Blockchain Experts Tell Congress How Crypto Tech Can Combat the Flow of Counterfeit Goods

Leveraging blockchain technology can help improve supply chain management and shipping as well as help protect United States companies from pirated products shipped from other countries which are causing unfair competition and disrupting markets. This claim emerged from presentations and testimonies from experts who spoke at the Congressional hearing of the United States Subcommittee on … Continued

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23 Cryptocurrency Exchanges in South Korea to Self-Regulate, 10 Opt-Out

23 Cryptocurrency Exchanges in South Korea to Self-Regulate, 10 Opt-Out

The need for cryptocurrency self-regulation in South Korea is rising as banks still refuse to issue new virtual accounts for most crypto exchanges. The Korean Blockchain Association is preparing self-regulatory standards. Thirty-three exchanges were asked to undergo a review; twenty-three agreed but ten refused, according to local media.

Also read: Japan’s DMM Bitcoin Exchange Opens for Business With 7 Cryptocurrencies

23 Exchanges to Self-Regulate

23 Cryptocurrency Exchanges in South Korea to Self-Regulate, 10 Opt-OutThe Korean Blockchain Association is preparing a self-regulatory review of cryptocurrency exchanges operating in the country as well as launching standards for self-regulation. Jeon Jae-jin, chairman of the association’s self-regulation committee, was quoted by Seoul Finance explaining, “We will focus on establishing the safety and transparency of the exchanges.”

“The association predicted [that the] self-regulatory review will be smooth,” the news outlet noted, adding that thirty-three member exchanges were asked by the association to undergo a self-regulatory review. Twenty-three of them agreed; the remaining ten refused and were cast out of the association. Among them was Coinnest, whose CEO was recently arrested.

According to the publication, the member exchanges at the time of this writing are Glosfer, Nexcoin, Neoframe, Upbit, Bithumb, Gopax, Coinlink, Scoin, Okcoin Korea, Whalex, Zeniex, Kairex, Kcx Exchange, Komid, Korbit, Coinone, Coinzest, Coinplug, Crypto Company, Dexko, Korea Encryption, Money Exchange, and Huobi Korea.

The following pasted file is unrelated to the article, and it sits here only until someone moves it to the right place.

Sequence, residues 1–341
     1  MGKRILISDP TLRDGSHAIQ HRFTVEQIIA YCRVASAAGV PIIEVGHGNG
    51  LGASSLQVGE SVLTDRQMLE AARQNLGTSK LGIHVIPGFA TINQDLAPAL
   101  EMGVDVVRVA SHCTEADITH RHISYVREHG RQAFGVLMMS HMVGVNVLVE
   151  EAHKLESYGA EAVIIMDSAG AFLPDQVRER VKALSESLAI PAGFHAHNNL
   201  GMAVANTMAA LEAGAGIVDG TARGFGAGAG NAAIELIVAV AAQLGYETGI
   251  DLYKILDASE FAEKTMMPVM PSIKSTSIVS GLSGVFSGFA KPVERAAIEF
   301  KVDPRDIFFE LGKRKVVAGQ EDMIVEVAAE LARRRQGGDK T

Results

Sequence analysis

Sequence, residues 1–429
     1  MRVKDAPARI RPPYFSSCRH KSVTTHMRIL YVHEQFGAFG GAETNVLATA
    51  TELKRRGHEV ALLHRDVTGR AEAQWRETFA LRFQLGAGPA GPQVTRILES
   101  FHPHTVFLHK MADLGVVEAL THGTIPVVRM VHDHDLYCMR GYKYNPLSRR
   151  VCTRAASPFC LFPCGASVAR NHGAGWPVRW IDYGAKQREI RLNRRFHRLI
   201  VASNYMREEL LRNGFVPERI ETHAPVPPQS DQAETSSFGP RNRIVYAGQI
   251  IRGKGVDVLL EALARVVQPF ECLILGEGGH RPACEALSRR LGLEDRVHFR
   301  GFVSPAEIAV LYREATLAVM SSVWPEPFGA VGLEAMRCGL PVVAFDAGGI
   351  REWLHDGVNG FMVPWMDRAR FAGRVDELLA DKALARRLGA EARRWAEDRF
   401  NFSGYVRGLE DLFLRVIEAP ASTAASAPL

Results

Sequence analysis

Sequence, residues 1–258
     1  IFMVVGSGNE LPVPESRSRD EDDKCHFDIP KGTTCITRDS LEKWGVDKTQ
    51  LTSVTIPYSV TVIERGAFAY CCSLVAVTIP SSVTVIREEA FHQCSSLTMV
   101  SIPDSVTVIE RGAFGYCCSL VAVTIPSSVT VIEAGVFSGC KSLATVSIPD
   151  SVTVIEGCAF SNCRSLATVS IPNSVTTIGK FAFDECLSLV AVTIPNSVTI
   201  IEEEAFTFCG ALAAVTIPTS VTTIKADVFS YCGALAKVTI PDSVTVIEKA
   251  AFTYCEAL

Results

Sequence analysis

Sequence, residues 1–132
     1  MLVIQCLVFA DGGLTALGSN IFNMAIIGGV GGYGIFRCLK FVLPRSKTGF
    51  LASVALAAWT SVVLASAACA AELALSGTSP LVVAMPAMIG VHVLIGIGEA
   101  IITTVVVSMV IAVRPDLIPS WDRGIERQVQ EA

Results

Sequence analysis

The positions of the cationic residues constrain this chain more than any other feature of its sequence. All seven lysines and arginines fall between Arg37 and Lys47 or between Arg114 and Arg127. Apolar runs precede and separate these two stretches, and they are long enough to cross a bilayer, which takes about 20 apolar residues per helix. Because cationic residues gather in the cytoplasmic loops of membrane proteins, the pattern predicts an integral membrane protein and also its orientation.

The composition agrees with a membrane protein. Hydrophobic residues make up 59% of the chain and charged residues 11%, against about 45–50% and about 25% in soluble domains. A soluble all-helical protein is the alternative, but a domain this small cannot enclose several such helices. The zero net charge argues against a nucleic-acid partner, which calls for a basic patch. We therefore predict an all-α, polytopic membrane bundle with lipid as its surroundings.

Fair Trade Commission’s Suggestions

23 Cryptocurrency Exchanges in South Korea to Self-Regulate, 10 Opt-OutThe association revealed that it is working with a law office to develop the standards for crypto exchanges, Zdnet Korea reported, adding that they are expected to be “released in a few weeks.”

The Korean Fair Trade Commission (KFTC), which recently ordered twelve crypto exchanges to revise their consumer contracts, has also provided recommendations for the standards. The agency says they should “contain a wide range of disclaimers, restrictions on unauthorized deposits and withdrawals, restrictions on the arbitrary use of services, and corrective clauses on identity and password management,” the publication detailed, adding that:

The association plans to incorporate the [K]FTC’s recommendations in the development of the standard terms and conditions.

The exchanges that agree to a review “will be checked for compliance with the self-regulation set by the association, focusing on security, coin listing procedures, capital and other investor protection.”

New Account Issuance Needed

Since the implementation of the real-name system at the end of January by the South Korean government, small and medium-sized crypto exchanges were unable to open new virtual accounts. Banks have opted to only open them for the country’s biggest crypto exchanges: Upbit, Bithumb, Coinone, and Korbit.

“The exchanges expect that this self-regulatory review will be an opportunity to demonstrate the stability of the exchanges,” Seoul Finance wrote and quoted an official of the association: